By Bill Curry, Globe and Mail, June 18, 2012
Los Cabos, Mexico
Tensions between Europe and the rest of the G20 broke wide open in Los Cabos as the president of the European Commission laid bare his frustration with the constant lecturing from outsiders, including Canada.
The president of the European Commission, José Manuel Barroso, reacted tersely when asked to respond to recent comments from Prime Minister Stephen Harper that Europe does not need outside help to stabilize its economy.
“Frankly, we are not coming here to receive lessons in terms of democracy and in terms of how to run an economy because the European Union has a model that we may be very proud of,” Mr. Barroso said.
He and European Council President Herman Van Rompuy answered questions Monday at the G20 summit following a news conference in which they outlined long-term plans to move toward deeper financial integration of the euro zone.
The European Commission president said his members are moving toward a banking union, including guaranteeing each other’s bank deposits. But some of these details may not be outlined until the fall and it is not clear when they will ultimately be put in place.
Still, Mr. Barroso did outline a move toward some of the specific reforms Europe has called for.
The euro zone will move toward more integrated banking oversight and a common deposit guarantee system. The European Union will also consider, “under strict conditions,” ways to package the zone’s combined debt.
“But let me be very clear, any future euro bonds or stability bonds will not be a license to spend. On the contrary, they will become a powerful tool for increased discipline and stability,” he said.
The comments from the leadership of the EU increases the heat on German Chancelor Angela Merkel, who leads Europe’s largest economy and is highly skeptical of moving quickly toward deeper integration. German leaders have expressed concern that such changes would let struggling member states off the hook from making the tough economic decisions necessary to put their nations on a sustainable track.
U.S. President Barack Obama was expected to urge Ms. Merkel to soften her stand during the two-day summit, and the President later spoke positively of their discussion Monday. After Monday evening’s G20 leaders dinner, Mr. Obama was scheduled to have a late-night meeting exclusively with European leaders.
Both the U.S. and Canada are refusing to contribute more money to the International Monetary Fund, but Mr. Harper’s Conservatives have used particularly derisive language in arguing Europeans should not get a cent of Canadian tax dollars.
On Monday afternoon, Mr. Harper said his meetings with other G20 leaders at the summit make him believe that the “great majority” of the leaders support Canada’s position. However, Canada and the U.S. are the only G20 members stating they will not contribute additional funds this week to the IMF as part of a plan to raise more than $430-billion in new commitments.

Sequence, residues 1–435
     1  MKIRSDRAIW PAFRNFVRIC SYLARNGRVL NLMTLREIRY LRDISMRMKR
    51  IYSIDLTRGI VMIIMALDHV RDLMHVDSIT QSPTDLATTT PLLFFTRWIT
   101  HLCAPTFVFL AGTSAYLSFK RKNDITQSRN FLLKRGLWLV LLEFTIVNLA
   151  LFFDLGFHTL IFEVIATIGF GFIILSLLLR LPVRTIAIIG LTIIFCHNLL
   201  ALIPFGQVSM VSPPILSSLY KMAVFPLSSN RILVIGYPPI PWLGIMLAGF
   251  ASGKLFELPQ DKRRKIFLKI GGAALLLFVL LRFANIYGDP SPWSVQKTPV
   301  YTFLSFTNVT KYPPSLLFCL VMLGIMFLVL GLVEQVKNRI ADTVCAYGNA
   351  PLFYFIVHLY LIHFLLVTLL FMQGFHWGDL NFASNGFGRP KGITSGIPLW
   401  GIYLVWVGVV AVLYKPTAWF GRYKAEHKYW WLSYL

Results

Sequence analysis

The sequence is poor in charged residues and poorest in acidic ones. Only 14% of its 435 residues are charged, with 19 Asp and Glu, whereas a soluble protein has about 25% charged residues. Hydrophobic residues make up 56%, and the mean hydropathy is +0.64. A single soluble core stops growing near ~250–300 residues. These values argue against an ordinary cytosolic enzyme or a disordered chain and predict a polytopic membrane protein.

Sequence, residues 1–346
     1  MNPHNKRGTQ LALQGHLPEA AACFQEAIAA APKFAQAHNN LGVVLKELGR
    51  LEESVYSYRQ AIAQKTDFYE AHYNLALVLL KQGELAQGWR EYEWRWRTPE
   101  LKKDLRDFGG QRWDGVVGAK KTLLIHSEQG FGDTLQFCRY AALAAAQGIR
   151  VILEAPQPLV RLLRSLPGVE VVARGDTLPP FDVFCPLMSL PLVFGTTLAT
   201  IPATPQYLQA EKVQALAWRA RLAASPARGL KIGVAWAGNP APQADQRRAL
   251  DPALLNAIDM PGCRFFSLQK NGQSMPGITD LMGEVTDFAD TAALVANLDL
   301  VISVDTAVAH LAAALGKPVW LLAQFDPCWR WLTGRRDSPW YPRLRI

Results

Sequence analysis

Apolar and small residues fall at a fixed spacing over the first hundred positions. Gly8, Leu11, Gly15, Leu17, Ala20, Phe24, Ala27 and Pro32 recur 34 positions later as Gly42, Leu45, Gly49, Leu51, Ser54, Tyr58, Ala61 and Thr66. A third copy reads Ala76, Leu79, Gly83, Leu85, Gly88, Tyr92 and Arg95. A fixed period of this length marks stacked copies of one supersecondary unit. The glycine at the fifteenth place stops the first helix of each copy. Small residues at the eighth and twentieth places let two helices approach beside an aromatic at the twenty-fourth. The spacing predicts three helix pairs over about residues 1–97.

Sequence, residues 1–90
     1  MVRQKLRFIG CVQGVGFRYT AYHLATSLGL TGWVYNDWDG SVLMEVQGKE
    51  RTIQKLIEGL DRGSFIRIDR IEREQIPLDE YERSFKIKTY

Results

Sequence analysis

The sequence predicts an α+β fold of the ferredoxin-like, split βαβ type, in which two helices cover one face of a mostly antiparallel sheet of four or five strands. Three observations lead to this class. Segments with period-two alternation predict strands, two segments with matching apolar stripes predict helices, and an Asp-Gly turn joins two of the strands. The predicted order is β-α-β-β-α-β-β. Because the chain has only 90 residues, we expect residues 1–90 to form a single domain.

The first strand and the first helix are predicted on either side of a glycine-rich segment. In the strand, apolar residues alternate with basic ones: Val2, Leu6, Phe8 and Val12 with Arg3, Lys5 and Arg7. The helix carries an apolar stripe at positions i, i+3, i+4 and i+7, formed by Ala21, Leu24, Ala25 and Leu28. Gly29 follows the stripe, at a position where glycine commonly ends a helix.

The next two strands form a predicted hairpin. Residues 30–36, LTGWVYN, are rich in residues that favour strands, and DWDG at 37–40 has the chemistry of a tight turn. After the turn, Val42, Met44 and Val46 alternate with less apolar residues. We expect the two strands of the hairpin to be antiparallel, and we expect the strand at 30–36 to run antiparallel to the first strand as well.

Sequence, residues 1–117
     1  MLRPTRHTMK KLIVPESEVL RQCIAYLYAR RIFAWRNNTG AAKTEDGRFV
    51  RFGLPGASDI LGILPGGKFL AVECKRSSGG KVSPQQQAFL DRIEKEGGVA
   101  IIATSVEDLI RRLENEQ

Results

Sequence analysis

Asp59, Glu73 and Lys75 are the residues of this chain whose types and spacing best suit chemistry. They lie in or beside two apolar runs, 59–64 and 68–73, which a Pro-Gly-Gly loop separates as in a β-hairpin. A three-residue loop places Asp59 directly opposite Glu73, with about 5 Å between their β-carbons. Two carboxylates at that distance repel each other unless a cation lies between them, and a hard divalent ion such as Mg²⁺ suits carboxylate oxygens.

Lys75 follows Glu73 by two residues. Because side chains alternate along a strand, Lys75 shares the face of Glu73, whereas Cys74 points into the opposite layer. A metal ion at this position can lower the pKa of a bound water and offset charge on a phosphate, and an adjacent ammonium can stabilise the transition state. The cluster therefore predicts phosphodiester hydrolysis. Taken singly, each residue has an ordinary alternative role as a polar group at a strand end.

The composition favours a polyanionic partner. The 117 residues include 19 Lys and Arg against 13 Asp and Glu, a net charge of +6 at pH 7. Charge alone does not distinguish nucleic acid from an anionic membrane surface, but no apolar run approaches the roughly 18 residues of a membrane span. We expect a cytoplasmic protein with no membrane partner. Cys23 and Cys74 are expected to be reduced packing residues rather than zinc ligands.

Thankfully, the European Union leadership is pushing back against the strident tone and attitude, considered arrogant in some quarters including this one, of the Canadian Prime Minister. Not only has his government refused to ante up financial support as part of an international commitment to support the failing economies in several EU states, thereby putting even more pressure on Germany, but also he has continually lectured the EU on how to "get back into line" with his prescription for fiscal discipline.
Harper happens to lead a Canadian government whose financial institutions' rules and regulations were long established prior to his even becoming Prime Minister, and while he can take national pride in the discipline and stability of Canadian banks and the Canadian economy, he and his government have done precious little by way of enhancing that performance. Taking credit, and lecturing other world leaders, while they are attempting to solve a serious crisis, even perhaps a fundamental flaw in the structure of the EU, without original common banking and monetary policies, does harm to their diligent work, and severely damages Canada's reputation among the global community.
Sometimes, and we believe this is clearly one time, Canadian Prime Ministers, even if they have something critical to say to other world leaders, ought to keep their comments private, more humble and thereby potentially more effective.
Should that lesson not be among the top five in any Prime Minister's "how to" manual, upon taking office? Clearly, Harper missed that part of the orientation package, probably deliberately.